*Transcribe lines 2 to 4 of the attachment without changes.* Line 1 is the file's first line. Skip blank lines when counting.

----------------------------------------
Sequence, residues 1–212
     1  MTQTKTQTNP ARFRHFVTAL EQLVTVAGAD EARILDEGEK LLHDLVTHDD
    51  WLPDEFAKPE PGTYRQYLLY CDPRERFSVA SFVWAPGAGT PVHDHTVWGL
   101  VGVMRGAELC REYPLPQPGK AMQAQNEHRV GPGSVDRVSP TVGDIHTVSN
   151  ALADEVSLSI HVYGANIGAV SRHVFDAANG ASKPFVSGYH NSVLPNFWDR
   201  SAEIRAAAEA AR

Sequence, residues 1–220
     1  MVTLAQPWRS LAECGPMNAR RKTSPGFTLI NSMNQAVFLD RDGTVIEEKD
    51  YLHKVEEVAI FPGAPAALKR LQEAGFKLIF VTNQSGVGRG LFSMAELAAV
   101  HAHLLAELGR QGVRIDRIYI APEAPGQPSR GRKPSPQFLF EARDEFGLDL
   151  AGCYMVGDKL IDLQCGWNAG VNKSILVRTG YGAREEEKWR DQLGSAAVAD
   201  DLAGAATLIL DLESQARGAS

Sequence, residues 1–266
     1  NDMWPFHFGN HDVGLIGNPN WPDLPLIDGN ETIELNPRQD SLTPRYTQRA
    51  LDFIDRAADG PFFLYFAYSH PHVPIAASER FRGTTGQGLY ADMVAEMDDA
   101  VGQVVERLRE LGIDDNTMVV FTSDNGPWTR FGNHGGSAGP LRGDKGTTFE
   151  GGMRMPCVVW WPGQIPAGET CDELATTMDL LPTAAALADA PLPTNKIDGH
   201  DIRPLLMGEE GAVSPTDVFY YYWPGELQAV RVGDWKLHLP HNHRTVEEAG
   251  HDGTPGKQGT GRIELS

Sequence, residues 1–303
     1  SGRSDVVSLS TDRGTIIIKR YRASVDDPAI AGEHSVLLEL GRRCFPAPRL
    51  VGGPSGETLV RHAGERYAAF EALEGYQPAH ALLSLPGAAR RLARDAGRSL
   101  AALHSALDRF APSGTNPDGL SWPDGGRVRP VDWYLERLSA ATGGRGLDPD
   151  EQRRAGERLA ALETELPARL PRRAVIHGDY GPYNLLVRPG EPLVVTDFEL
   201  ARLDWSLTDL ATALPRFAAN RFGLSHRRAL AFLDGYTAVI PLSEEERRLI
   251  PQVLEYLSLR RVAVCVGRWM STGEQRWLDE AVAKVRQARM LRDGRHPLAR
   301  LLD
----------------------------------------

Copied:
     1  MTQTKTQTNP ARFRHFVTAL EQLVTVAGAD EARILDEGEK LLHDLVTHDD
    51  WLPDEFAKPE PGTYRQYLLY CDPRERFSVA SFVWAPGAGT PVHDHTVWGL
   101  VGVMRGAELC REYPLPQPGK AMQAQNEHRV GPGSVDRVSP TVGDIHTVSN